The New Stuff


California Soldier has mind-opening experience in West Africa

Courtesy of Sgt. Candace Mundt

DAKAR, Senegal — Ask any Army infantryman who joined after September 11, 2001 why they serve, and most will tell you they joined to fight for their country.

Most expect to come out of training and be shipped straight to war, but for one infantryman of 2nd Infantry Brigade Combat Team, 3rd Infantry Division, his first Army trip overseas took him to train alongside Senegalese Armed Forces in in Thiès, Senegal.

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“I really wanted to go overseas and fight in Afghanistan, but I haven’t gotten the chance to do that,” said Spc. Steven Taylor, a team leader with Bravo Company, 1st Battalion, 30th Infantry Regiment of 2nd IBCT.

Even though Taylor, a southern California native with two and a half years in service, believed his first deployment would be to a war zone, he is excited to be part of Africa Readiness Training 16, an Army Africa exercise designed to strengthen the readiness of the U.S. and Senegalese partnership through infantry training and live-fire events from July 7 through 27.

“I think it’s good to go to another country and teach them our tactics,” Taylor said. “It means a lot to me to come over here and play a role in helping their army.”

During Africa Readiness Training 16, Taylor’s unit is validating squad and platoon-level tactics, techniques and procedures, which will culminate at the end of the three weeks with a company-level combined arms live-fire exercise with their Senegalese partners.

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Taylor said his unit has shared some of their knowledge and infantry tactics with Senegalese soldiers, such as how to clear a room. They pick up things very fast, he observed, noting the similarities between the Senegalese and U.S. Soldiers.

“It’s mind-opening to see they train just as hard as we train,” Taylor said. “It seems like we have a lot in common. Our tactics are very similar. Even little things like going to the gym; like they all love working out, we all love working out.”

Having never been to Senegal before, Taylor was not sure what he would encounter in the foreign nation. He is learning a lot.

“I think this experience made me a better person by seeing a different culture,” Taylor said. “When I pictured Senegal, I figured it would be pretty much desert. I didn’t think there would be a city like Thiès.”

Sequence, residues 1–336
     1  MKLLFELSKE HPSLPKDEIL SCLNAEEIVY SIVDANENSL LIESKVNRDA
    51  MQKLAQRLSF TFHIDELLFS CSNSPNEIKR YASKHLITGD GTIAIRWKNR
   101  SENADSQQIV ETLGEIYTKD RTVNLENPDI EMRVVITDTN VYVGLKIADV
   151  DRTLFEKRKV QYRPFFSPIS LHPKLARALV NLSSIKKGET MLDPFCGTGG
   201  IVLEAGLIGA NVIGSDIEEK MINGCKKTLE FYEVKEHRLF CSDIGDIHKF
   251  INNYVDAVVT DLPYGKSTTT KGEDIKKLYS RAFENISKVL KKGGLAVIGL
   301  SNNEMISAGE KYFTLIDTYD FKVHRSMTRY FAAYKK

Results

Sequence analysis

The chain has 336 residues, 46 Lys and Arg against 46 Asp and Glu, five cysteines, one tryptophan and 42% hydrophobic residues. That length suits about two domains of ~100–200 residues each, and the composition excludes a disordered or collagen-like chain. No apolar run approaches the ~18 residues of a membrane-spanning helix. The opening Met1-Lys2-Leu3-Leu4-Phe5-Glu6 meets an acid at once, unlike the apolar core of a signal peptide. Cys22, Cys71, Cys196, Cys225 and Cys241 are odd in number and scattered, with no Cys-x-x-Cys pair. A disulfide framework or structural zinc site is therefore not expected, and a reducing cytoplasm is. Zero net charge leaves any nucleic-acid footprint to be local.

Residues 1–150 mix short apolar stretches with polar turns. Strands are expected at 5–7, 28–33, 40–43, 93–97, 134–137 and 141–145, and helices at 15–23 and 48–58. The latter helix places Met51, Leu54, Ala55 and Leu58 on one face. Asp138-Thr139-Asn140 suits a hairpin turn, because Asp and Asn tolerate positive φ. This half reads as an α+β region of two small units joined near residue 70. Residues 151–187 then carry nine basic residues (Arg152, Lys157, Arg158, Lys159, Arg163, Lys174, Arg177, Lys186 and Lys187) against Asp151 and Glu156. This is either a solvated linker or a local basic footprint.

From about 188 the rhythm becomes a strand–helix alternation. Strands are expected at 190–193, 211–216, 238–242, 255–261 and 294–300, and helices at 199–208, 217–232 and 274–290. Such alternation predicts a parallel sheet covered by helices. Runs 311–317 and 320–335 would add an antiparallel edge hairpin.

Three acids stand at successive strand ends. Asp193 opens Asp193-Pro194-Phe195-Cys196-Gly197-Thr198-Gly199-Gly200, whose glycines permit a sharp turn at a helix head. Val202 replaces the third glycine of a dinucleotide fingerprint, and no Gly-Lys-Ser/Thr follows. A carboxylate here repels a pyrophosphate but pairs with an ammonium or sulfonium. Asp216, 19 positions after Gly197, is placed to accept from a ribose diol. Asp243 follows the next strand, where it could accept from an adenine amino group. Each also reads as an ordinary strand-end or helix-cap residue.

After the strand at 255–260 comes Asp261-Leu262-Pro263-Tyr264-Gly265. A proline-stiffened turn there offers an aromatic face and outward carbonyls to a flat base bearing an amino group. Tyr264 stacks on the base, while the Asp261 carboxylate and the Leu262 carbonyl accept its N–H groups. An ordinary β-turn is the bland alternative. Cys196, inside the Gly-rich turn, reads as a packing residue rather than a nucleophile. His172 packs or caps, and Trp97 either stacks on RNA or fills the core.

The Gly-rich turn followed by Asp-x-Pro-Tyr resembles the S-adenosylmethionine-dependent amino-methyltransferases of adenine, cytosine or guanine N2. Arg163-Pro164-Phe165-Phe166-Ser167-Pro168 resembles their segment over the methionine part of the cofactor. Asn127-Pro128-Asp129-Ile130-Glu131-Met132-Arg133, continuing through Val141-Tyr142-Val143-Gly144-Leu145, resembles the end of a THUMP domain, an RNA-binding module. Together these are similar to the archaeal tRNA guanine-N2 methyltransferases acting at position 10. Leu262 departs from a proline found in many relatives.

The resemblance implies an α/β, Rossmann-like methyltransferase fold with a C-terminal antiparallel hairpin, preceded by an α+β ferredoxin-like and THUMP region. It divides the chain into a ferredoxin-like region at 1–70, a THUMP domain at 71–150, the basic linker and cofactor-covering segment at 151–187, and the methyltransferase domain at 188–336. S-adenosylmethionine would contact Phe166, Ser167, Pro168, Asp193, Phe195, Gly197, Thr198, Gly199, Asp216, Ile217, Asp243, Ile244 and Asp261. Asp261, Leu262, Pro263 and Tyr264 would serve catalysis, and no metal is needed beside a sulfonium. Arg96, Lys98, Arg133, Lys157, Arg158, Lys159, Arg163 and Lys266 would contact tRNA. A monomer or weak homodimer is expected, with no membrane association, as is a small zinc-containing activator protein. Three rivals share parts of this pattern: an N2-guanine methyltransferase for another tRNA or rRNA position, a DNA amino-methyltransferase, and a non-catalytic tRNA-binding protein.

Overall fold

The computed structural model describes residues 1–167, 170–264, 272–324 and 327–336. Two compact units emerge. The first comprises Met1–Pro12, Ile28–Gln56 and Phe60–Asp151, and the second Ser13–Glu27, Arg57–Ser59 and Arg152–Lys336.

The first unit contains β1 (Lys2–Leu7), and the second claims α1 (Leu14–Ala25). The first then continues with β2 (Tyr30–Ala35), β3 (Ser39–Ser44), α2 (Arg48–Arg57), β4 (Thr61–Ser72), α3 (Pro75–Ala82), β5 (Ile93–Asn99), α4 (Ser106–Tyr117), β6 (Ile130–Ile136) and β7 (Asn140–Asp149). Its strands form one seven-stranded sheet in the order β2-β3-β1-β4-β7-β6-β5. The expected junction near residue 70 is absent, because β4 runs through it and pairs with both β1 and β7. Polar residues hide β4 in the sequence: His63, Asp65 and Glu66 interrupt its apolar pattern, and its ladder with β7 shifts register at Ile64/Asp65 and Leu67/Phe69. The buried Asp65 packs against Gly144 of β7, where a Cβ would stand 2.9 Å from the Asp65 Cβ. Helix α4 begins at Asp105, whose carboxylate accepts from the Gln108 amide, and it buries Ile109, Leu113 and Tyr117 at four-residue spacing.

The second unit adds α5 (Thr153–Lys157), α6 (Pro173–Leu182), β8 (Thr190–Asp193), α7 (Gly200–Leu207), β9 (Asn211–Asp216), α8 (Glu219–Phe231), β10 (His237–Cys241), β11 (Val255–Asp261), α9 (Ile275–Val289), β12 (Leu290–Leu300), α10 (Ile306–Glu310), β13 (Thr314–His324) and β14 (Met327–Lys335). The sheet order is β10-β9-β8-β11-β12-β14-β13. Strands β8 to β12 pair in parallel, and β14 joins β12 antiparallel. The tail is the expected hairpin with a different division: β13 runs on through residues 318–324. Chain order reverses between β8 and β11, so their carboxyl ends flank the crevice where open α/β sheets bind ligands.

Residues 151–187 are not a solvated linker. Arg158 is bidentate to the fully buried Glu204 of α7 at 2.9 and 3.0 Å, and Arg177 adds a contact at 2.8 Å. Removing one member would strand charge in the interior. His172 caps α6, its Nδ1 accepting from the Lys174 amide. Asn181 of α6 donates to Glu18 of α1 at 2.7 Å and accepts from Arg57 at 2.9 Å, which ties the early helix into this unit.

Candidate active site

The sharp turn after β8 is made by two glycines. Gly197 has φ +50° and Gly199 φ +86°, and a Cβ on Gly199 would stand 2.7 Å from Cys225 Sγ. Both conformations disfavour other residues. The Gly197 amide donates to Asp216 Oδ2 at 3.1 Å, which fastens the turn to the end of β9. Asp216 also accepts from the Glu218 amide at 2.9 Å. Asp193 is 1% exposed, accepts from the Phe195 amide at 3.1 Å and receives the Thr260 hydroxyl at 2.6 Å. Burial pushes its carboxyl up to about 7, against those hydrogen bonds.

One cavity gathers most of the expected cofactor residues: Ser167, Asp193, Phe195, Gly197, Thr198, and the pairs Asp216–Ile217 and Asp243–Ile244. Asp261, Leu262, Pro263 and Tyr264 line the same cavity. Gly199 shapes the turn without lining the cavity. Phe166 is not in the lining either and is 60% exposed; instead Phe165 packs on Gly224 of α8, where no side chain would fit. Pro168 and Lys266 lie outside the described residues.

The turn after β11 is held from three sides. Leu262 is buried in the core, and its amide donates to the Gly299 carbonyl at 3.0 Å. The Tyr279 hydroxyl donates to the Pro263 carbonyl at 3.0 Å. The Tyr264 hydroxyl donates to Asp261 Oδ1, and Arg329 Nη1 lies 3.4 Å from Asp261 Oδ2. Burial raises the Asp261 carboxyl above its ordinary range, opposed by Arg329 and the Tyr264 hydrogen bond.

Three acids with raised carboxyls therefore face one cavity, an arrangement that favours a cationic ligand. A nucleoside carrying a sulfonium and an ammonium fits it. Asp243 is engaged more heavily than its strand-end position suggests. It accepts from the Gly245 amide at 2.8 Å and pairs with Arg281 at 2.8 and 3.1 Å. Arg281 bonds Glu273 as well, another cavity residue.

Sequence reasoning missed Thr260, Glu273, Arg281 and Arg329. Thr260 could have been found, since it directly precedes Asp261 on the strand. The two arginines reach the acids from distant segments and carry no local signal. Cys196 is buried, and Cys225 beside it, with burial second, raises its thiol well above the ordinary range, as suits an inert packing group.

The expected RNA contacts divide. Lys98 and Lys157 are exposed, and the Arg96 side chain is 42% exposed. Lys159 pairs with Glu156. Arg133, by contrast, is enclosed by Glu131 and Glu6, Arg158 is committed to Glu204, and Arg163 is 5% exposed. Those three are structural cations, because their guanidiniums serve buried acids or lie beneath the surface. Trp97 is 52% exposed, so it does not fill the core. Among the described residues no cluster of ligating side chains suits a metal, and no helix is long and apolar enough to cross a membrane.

Staff Sgt. Sean Sandlin, a noncommissioned officer of the 1-30th Infantry who has observed U.S. and Senegalese troops during Africa Readiness Training 16, knows firsthand how working with foreign forces can benefit a U.S. Soldier. He has worked with armed forces of 36 different countries as an infantryman during deployments, training missions and permanent changes of station.

“They get to help train a foreign military that is extremely proud and motivated, very willing to learn,” Sandlin said. “So, it forces our Soldiers to want to step up and keep doing better.”

Having encountered more than three dozen different cultures throughout his military career, Sandlin understands well the value of witnessing other ways of life for oneself, and not just as it they are portrayed in the media.

“They get to see what reality looks like instead of (as it’s depicted on) television,” he said. “(They) immerse (themselves) entirely in the environment, and whether they like it or not, it will stick with them for the rest of their career and their life.”

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While Africa Readiness Training 16 may not be the combat mission most infantrymen signed up for, Sandlin said he tells his Soldiers to train everyday like they are in combat. This mission, he believes, will better prepare the troops of 1-30th should they deploy.

“Every single thing they learn here will give them something to add to their tool bag for whenever they go down range,” Sandlin said.

“So, no matter where they’re training or what they’re doing, whether it’s combat or not, the knowledge they gain here is invaluable, from how their equipment works to how much water they need to drink.”

Relationships built between 1-30th Infantry and Senegalese at each live-fire, friendly wrestling match or just an evening around the chow hall table will likely impact each Soldier on an individual level, but collectively the exercise could have a lasting effect on the overall partnership between their nations.

“Working with these foreign militaries consistently breeds trust and confidence, and in the end that’s going to breed success,” Sandlin said.

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